“I may look like a beer salesman,” Theodore Roethke told the President of Bennington College during a job interview, “but I am a poet.”
Mr. Roethke was 6’3″ with a lineman’s build. His hair was blonde and receding. His mouth sloped downward when closed. The poet Stanley Kunitz described him as a “big, blonde uncle-bear.”
The uncle-bear did drink, often and a lot. But his life belonged to his art: Writing poetry and teaching poetry and forever noting ideas for poetry – “the great crime is lack of a generous mind,” “the great assassin of life is haste” – on bits and pieces of paper he kept in his pockets throughout his life.
It was not always a gentle or neat life, though few are. Mr. Roethke struggled with alcohol, depression, breakdowns. And his writing didn’t shy from despair.
Nor did it shy from joy, longing, occasional mischief. “If I have a complex,” he decided, “it is a full-life complex.”
When he taught at Bennington (he got the job) and later the University of Washington, he opened his classes up to the public, no credentials required.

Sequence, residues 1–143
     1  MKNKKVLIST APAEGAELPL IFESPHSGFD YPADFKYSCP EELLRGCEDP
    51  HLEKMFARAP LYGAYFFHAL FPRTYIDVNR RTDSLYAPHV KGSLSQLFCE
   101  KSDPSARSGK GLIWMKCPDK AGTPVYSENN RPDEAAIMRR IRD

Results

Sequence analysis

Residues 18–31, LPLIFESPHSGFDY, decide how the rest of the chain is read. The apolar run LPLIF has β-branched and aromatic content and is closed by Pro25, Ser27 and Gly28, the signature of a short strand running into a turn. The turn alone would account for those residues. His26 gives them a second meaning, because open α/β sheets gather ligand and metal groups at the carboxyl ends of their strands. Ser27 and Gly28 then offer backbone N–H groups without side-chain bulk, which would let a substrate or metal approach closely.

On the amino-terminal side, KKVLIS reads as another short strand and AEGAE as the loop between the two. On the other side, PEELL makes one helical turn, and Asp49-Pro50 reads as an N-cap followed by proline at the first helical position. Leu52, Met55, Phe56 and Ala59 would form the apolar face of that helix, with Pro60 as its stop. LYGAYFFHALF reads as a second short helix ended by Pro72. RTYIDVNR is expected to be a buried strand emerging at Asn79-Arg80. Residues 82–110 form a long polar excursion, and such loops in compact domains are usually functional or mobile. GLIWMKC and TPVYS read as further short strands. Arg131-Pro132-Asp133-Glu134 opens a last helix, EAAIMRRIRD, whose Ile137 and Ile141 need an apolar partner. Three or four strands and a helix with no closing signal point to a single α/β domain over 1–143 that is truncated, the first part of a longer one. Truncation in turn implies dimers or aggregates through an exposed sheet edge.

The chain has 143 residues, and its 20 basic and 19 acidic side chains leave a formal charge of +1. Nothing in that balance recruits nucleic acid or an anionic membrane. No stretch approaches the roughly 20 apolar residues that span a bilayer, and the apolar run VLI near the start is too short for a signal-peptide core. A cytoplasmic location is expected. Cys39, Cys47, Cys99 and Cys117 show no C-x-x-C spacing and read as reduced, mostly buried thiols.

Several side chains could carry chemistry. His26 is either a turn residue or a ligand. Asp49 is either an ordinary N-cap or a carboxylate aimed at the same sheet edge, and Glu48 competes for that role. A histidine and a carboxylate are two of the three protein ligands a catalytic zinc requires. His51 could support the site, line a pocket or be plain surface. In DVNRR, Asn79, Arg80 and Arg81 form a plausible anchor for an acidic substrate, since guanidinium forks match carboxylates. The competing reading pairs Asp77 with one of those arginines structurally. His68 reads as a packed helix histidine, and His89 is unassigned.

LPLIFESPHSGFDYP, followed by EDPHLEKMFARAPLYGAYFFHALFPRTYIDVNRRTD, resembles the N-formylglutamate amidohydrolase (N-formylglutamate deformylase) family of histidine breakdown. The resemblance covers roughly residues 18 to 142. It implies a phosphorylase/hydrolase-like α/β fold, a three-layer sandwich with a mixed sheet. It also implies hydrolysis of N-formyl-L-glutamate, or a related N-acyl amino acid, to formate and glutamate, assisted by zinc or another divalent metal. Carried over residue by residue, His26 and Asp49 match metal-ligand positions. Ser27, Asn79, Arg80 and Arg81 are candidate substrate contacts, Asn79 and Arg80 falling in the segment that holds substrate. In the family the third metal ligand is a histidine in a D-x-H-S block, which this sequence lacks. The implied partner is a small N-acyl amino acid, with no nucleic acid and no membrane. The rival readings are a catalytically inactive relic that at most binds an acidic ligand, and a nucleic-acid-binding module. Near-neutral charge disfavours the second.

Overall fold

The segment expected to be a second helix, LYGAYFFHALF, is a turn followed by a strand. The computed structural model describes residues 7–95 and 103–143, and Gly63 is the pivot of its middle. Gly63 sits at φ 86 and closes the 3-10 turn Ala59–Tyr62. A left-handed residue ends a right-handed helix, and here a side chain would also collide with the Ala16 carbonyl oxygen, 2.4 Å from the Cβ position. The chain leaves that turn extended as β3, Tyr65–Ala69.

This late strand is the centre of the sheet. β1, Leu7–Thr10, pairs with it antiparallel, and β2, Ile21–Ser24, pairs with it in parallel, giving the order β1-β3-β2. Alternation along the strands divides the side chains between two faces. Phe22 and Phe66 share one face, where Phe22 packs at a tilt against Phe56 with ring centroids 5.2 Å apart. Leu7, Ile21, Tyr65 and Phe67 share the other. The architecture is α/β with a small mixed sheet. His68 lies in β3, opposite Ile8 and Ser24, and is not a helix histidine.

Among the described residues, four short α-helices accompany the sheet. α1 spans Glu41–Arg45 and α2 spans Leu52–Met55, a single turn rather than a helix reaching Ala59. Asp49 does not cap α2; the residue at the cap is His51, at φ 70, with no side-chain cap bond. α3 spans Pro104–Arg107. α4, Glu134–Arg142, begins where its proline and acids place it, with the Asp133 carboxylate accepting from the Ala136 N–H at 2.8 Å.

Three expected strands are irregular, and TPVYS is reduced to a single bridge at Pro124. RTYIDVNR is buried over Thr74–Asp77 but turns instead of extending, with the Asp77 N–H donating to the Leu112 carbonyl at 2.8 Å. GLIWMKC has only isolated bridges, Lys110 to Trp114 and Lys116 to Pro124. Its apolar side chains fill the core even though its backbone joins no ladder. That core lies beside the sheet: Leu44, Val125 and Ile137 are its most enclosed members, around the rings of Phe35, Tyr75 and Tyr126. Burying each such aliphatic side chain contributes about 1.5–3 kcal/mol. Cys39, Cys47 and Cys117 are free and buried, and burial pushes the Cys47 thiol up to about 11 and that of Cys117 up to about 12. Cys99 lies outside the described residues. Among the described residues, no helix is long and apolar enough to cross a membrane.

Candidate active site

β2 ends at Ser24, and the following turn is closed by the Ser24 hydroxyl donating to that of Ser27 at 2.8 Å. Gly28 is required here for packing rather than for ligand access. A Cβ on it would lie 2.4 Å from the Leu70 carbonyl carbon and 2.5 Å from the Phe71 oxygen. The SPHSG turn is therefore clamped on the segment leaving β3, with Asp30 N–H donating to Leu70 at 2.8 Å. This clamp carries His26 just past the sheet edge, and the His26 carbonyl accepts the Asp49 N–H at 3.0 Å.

He demanded a lot of his students. Especially evidence of active, generous minds. Minds that didn’t blow through life with hurry and haste. “The recovery of things is our business,” he wrote. “See! We are blessed by what we see!”
And so Mr. Roethke, the poet who looked like a beer salesman, was not just in the business of poetry. He was in the business of art. Art that’s generous, that sees. That recovers the full life we might have blown through.
Because art, Theodore Roethke would write, was “the means we have of undoing the damage of haste.”